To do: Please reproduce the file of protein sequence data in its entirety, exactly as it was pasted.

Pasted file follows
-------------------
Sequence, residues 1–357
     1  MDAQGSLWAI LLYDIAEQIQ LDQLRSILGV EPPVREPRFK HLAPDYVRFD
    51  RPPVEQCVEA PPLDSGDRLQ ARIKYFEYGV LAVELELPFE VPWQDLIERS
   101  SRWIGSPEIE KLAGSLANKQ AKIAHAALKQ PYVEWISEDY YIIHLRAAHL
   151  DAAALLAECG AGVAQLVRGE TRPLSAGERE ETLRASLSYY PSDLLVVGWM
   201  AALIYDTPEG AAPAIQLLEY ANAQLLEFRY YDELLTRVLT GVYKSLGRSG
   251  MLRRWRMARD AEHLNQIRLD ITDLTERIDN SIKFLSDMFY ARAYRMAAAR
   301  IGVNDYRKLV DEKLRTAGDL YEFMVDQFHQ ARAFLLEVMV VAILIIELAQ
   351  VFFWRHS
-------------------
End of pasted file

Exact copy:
Sequence, residues 1–357
     1  MDAQGSLWAI LLYDIAEQIQ LDQLRSILGV EPPVREPRFK HLAPDYVRFD
    51  RPPVEQCVEA PPLDSGDRLQ ARIKYFEYGV LAVELELPFE VPWQDLIERS
   101  SRWIGSPEIE KLAGSLANKQ AKIAHAALKQ PYVEWISEDY YIIHLRAAHL
   151  DAAALLAECG AGVAQLVRGE TRPLSAGERE ETLRASLSYY PSDLLVVGWM
   201  AALIYDTPEG AAPAIQLLEY ANAQLLEFRY YDELLTRVLT GVYKSLGRSG
   251  MLRRWRMARD AEHLNQIRLD ITDLTERIDN SIKFLSDMFY ARAYRMAAAR
   301  IGVNDYRKLV DEKLRTAGDL YEFMVDQFHQ ARAFLLEVMV VAILIIELAQ
   351  VFFWRHS